Autoimmune heparin-induced thrombocytopenia: A diagnostic and management challenge after transcatheter aortic valve replacement


Heparin-induced thrombocytopenia (HIT) is a commonly encountered condition, especially in inpatient settings, and is often attributed to high mortality and prolonged hospital stays. A rare entity, autoimmune heparin-induced thrombocytopenia (aHIT) refers to a condition in which antiplatelet factor-4 (PF4) antibodies activate platelets even in the absence of heparin. Our patient presented 12 days after transcatheter aortic valve replacement (TAVR) with altered mental status and severe thrombocytopenia. Further work-up revealed acute thromboembolic cerebrovascular accident (CVA),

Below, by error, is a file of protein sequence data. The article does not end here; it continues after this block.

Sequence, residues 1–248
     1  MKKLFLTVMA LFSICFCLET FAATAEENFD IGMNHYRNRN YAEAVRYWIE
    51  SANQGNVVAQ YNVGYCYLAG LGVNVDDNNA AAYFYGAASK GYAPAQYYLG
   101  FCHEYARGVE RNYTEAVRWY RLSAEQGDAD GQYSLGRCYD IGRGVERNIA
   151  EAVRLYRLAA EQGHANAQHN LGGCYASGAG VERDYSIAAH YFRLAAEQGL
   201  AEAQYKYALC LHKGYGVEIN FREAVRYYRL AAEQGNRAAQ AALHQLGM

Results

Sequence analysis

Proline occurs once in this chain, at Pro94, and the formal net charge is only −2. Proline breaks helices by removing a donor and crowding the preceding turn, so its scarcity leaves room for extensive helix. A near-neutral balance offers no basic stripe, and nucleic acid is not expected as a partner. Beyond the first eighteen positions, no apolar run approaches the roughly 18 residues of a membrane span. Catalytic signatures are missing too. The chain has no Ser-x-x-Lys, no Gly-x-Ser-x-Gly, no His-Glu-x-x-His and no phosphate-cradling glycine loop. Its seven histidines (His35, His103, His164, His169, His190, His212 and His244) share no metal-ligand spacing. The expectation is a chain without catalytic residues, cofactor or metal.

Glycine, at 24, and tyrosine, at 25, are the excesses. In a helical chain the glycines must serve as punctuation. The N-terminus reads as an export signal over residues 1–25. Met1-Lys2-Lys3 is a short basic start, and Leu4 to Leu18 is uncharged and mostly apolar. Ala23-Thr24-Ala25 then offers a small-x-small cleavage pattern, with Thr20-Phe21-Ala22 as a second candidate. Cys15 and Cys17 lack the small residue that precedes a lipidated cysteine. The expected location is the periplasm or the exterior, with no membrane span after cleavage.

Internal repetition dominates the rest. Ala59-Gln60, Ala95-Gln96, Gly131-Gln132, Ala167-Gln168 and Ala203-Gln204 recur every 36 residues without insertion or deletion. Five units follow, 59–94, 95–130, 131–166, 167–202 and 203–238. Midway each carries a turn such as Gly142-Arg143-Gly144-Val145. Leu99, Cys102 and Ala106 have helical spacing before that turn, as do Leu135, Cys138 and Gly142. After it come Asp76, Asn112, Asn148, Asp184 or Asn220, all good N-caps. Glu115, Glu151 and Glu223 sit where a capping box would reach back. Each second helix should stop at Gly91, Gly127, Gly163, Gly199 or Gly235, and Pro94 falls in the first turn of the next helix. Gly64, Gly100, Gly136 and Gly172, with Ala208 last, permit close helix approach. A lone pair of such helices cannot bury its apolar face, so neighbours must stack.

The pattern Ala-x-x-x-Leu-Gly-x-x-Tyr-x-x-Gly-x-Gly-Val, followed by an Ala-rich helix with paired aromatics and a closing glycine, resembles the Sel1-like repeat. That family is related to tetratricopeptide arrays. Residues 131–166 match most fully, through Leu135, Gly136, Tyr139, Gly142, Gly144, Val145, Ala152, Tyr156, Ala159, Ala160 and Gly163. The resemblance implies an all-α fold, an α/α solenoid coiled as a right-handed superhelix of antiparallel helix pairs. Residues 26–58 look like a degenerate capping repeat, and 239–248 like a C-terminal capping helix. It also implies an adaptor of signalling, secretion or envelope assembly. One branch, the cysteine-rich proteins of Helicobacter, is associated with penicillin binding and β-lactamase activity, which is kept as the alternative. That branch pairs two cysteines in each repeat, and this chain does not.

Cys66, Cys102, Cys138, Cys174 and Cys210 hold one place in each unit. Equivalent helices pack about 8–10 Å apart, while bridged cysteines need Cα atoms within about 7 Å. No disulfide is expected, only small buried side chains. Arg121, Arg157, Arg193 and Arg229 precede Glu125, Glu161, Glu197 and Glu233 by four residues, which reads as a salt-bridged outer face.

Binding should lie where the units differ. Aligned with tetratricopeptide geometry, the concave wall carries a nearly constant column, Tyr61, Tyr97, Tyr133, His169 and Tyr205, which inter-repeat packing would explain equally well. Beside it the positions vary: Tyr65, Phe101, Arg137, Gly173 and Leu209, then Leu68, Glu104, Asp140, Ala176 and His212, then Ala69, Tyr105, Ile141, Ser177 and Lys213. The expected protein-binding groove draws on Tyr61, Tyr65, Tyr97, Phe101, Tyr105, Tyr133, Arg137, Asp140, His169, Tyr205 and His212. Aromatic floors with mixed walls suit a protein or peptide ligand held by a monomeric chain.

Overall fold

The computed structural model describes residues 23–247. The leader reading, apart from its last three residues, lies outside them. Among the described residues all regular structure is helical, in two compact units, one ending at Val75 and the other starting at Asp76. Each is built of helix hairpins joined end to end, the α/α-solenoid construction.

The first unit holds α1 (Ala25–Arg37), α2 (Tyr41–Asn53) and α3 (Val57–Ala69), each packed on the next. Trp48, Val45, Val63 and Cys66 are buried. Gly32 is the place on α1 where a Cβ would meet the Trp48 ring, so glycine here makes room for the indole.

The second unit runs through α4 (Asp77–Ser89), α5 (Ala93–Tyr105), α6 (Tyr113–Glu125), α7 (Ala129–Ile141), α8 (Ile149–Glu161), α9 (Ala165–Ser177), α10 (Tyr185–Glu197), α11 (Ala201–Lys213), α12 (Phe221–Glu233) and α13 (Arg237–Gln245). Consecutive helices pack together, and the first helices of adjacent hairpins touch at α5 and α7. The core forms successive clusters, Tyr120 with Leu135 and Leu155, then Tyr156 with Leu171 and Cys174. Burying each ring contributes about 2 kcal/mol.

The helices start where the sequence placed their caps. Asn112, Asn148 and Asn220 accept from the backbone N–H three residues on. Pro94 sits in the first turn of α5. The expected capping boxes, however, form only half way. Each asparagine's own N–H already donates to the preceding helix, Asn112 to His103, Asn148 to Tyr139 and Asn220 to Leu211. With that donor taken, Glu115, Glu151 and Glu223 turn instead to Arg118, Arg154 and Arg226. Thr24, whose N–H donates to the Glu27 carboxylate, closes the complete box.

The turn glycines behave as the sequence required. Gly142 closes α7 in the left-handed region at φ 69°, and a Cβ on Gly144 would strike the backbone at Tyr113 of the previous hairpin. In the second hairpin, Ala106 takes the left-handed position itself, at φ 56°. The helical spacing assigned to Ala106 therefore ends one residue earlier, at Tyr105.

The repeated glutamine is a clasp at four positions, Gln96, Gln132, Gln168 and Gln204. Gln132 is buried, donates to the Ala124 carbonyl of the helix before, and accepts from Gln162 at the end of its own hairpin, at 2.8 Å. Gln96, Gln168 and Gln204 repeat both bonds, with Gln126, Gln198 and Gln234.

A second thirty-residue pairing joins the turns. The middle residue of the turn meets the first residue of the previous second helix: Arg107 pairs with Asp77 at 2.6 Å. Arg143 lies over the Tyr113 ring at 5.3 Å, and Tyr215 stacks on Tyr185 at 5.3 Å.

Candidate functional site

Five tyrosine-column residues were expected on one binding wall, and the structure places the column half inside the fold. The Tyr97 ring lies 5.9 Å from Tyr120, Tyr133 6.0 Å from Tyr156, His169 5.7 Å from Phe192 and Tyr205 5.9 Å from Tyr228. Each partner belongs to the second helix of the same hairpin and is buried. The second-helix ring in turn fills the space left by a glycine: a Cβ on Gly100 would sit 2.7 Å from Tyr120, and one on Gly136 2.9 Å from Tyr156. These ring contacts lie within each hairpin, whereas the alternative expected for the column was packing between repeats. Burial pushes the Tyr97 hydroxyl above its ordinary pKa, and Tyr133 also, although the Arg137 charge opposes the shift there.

and the HIT antibody was positive. He was started on intravenous argatroban infusion with poor response. Platelet factor-4 antibodies were positive as well, and he was started on intravenous immunoglobulins (IVIG) therapy resulting in platelet recovery. This case is a reminder to consider autoimmune HIT, especially when platelet count fails to improve with conventional therapy.

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